“That I enjoy seeing a man take his last breath? Watching his life drain in my bare hands?”
Towering over her in all his gladiator power, his hand tightened around her arm, each finger digging into her flesh. Hot tears cooled her cheeks. Why was he doing this?
“A man doesn’t lust for killing. A beast does. A man has a job and a family and plays catch with his kids. A beast doesn’t. A man can control his primal urges,” he said in his husky breeding-box voice. “The beast in me can’t.”
His hand was off her neck and promptly squeezed her breast. Hot, fierce lips covered her mouth. A sudden leg sweep widened her stance, knocking her off balance until his hips pinned hers against the ice, pressing the baby between them.
Since that day in the shower, she’d imagined his hands on her body, his mouth on hers again, but never had she imagined his raw hunger. He unleashed his feral need, and her heart pounded, caught between fear and desire.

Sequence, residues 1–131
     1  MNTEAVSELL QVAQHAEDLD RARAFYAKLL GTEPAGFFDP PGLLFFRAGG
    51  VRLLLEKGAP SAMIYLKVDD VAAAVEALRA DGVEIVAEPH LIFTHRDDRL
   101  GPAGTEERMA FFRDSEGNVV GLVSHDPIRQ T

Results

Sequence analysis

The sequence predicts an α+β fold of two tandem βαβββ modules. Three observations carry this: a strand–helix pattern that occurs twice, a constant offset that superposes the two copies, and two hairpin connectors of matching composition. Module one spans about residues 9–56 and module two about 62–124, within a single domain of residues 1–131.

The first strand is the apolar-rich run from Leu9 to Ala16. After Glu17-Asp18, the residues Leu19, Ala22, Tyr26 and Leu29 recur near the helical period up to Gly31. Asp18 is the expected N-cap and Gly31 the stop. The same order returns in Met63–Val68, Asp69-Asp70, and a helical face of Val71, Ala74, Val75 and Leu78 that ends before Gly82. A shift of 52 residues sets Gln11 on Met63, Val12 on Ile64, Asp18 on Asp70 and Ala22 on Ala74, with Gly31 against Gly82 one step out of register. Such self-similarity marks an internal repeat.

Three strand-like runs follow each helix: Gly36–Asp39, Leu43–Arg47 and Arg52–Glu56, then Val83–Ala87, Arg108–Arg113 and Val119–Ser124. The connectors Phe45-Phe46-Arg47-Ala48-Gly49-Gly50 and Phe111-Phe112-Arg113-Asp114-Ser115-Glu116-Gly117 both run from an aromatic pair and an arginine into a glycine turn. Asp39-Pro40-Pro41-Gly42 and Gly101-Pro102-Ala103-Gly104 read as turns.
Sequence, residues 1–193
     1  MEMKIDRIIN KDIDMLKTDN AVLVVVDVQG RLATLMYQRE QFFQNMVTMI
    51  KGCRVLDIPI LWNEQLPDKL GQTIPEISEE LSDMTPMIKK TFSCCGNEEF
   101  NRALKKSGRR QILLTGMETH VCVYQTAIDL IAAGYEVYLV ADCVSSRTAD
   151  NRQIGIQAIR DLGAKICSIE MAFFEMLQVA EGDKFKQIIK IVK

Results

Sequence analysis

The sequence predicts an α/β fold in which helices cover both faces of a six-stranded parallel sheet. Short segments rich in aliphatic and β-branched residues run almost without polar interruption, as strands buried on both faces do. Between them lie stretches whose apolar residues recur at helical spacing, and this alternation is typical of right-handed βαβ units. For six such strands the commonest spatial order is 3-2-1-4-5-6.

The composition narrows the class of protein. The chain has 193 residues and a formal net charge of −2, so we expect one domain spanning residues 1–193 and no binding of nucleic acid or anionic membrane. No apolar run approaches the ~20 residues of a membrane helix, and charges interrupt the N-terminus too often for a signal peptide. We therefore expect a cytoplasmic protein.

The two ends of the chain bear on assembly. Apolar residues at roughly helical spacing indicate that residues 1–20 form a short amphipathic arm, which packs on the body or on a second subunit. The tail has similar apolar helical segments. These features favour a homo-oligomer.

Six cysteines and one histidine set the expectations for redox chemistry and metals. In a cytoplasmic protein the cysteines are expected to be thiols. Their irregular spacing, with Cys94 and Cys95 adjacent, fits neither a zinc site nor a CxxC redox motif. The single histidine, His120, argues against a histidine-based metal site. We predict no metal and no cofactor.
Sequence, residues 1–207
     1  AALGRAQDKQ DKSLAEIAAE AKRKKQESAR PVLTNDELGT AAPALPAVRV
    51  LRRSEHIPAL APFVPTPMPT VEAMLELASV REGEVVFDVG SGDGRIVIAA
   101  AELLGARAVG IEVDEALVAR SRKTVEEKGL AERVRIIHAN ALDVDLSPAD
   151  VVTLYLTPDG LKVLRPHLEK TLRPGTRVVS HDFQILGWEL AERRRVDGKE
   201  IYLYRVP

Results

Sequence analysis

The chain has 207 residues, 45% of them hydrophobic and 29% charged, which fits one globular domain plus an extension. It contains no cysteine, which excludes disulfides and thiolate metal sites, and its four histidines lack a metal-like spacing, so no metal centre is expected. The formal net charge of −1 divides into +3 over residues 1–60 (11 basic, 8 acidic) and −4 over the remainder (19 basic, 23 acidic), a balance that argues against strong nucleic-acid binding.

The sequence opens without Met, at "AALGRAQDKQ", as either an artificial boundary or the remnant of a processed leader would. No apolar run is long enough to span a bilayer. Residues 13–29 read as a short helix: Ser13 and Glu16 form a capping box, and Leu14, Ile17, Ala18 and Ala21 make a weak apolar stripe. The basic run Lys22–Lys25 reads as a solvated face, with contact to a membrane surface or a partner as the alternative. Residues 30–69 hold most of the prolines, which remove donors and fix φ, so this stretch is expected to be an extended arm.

Her body had burned for his touch, but not like this.
He jerked his head back into the moonslight. Disgust lit his wild, green eyes. “I can’t control the beast.”
Unable to catch her breath in time to stop him, she watched Max’s silhouette stride into the frozen wasteland.
“You just did.” Her words fell on deaf ears. “For the second time.”
* * *
The arctic air chilled his burning cheeks as he trekked out into the vast emptiness. He could feel the daggers of hate she shot him penetrating his spine.
Don’t look back. The last few minutes replayed over and over in his mind until the memory burned itself there. He had to remember her fear. Remember her hate. Remember her eyes seeing him as a monster.
Because that was what he was.